Dr. Mark S Hamm was the first ever person to do research based on any racial hate crime groups and terrorism in the world. Hamm's analysis was majorly on the American skinheads. These were violent and aggressive activists who attacked with intent to maim or kill- anyone who differed with their race, religion, and sexual beliefs. For objectivity, the doctor collected used both the qualitative-for development of hypothesis- and quantitative-for statistical derivations-techniques to analyze the data he got (Snap Surveys, 2010-2017). He used many ways to collect data, but the standard idea was through interviews. However, Dr. Mark did acquire data from multiple sources other than himself; he got information from ADL publishers, the FBI, the police, and the centers for democratic renewal and southern poverty law. Getting data from such sources is known to have its cons such as inaccuracies and the data having been tampered with, but this information is invaluable when correctly used in the hypothesis. Going back to the previously mentioned method of data collection-interview-, Dr. Hamm had great success with it.
The doctor's first thing was to try to make contact with the group leadership by writing letters requesting for an over-the-phone interview; since paranoia of getting captured made a personal meeting with the group leaders was out of the question. Of course, as a professional, Mr. Hamm had to put some rules on the ground such as anonymity and confidentiality; and maybe on an unprofessional note, he had to bribe them to reel them in for interviews finally (Hamm, M. S. 1993). Only a few accepted the interview request-which was expected-but Mark was persistent, he sent letters to those who did not come with a questionnaire attached and a promise of money if it was filled. He also personally went to prisons for more interviews and survey issuing and also used electronic materials to do few interviews. This nature of a research involving extremists would also make data collection risky; however science at times calls for one to put their physical body on the line (Ferrell, J., & Hamm, M. S. 1999).
Mainly the interviews and the questionnaires combination were the doctors in thing for data collection. Mark Hamm gained an unexpected favor from two of the leaders, whom he interviewed twice because of the trust and reliability of the information they gave Dr. Mark. Later on, as a result, two previously unknown leaders made a surprise call to Mark Hamm requesting for an interview.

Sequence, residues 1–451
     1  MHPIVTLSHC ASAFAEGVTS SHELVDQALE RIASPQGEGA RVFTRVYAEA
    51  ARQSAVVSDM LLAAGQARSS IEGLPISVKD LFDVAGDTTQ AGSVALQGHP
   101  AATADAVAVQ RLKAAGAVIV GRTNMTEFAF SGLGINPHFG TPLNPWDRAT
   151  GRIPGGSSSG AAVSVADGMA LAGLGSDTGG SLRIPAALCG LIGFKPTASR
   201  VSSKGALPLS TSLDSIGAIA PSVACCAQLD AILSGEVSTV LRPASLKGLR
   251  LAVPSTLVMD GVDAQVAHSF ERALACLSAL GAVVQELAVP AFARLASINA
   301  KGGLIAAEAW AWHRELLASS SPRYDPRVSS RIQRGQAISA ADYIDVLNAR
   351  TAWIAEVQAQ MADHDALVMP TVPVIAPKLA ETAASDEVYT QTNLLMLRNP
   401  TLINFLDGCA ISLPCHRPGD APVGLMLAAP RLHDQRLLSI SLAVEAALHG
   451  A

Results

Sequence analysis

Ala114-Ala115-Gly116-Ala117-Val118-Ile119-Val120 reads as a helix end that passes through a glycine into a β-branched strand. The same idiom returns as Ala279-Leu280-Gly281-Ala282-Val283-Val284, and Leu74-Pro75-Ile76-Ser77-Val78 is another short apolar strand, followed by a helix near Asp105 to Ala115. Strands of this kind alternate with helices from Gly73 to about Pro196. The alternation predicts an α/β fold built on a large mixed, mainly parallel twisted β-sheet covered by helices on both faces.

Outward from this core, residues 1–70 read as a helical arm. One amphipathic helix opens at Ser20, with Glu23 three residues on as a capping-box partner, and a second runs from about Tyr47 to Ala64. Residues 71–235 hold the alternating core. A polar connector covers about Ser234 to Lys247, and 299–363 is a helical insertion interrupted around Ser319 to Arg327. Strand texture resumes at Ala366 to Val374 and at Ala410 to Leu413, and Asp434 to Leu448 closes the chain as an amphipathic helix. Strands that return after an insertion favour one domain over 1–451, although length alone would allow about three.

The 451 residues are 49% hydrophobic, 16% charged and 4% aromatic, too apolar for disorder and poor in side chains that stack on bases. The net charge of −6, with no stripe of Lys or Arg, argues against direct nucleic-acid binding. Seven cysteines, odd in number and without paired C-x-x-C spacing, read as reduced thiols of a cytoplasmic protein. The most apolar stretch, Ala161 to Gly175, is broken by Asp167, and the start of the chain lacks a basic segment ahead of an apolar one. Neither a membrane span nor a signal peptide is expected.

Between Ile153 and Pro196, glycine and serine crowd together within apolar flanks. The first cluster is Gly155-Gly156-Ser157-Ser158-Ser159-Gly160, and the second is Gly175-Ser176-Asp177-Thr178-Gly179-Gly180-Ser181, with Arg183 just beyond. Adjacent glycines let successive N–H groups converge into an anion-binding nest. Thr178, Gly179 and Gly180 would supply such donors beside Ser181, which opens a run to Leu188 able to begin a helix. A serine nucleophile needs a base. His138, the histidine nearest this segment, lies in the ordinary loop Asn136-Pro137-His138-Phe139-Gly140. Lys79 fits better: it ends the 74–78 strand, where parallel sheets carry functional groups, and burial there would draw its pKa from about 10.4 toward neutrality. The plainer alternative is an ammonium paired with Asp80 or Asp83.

Hamm tried even to get more data for his research using internet technology; the internet at that time was nowhere near as good as we have it today. Of course, by then the internet was only majorly used for scientific purposes, hence, by then it seemed a good idea. Dr. Mark, however, realized the internet was never near the fight,' which was almost always never online. There was also an issue of the fact that not many people were accustomed to the internet, especially the intellectually lacking thugs' calling themselves the American skinheads. Other common disadvantageous features included un-customizable options to fit a research and the unreliable speed. Were it today, Hamm's effort to further his data collection would have probably born fruits because of basically everyone being entirely familiar with the internet. Currently, there are also numerous software tools that can automatically collect data from specified target groups. Today information on the web travels fast, and it has become very reliable. Using the today-reliable internet will cut costs and also save a lot of time in data collection since the data will not need any transcription. One can now collect data from sources that are far away without having to move a muscle. The data collected will be inaccurate since the social desirability and inhibition experience while giving interviews and questionnaires will be eliminated.
The techniques Hamm used to collect data seemed to be ethical and objective enough not to be dismissed as otherwise. The part of promising your interviewee pay is in no doubt a great way to attract an interview opportunity, but at times it may not be as helpful as it seems. People without useful information or even without any knowledge may make up any story just to receive the money. Hann appears to have established credible and verifiable procedures for data collection. Hence, this makes sure he is non-partisan, unbiased, and fair in collecting the research data. Dr. Hann also maintained ethics in data collection. We see him asking for acquiescence from his sources to allow him/her to voluntarily let him carry out a data collection through interviewing them. Hann also kept his word on maintaining the anonymity of his respondents and also to keep their feedback confidential (Fitzpatrick, J. L. 1999). Hann even goes to great lengths by paying for information to get credible and quality information from a primary source.
Ferrell, J., & Hamm, M. S. (1999). Ethnography at the edge: Crime, deviance, and field research. Boston: Northeastern Univ. Press
Fitzpatrick, J. L. (1999). Current and emerging ethical challenges in evaluation. San Francisco, Calif: Jossey-Bass.
Hamm, M. S. (1993). American skinheads: The criminology and control of hate crime. Westport, Conn: Praeger.
SAGE Internet research methods. (2012). London: SAGE Publications
Snap Surveys, https://www.snapsurveys.com/blog/qualitative-vs-quantitative-research/. Copyright (c) 2010-2017 Snap Surveys Ltd. All rights reserved worldwide.
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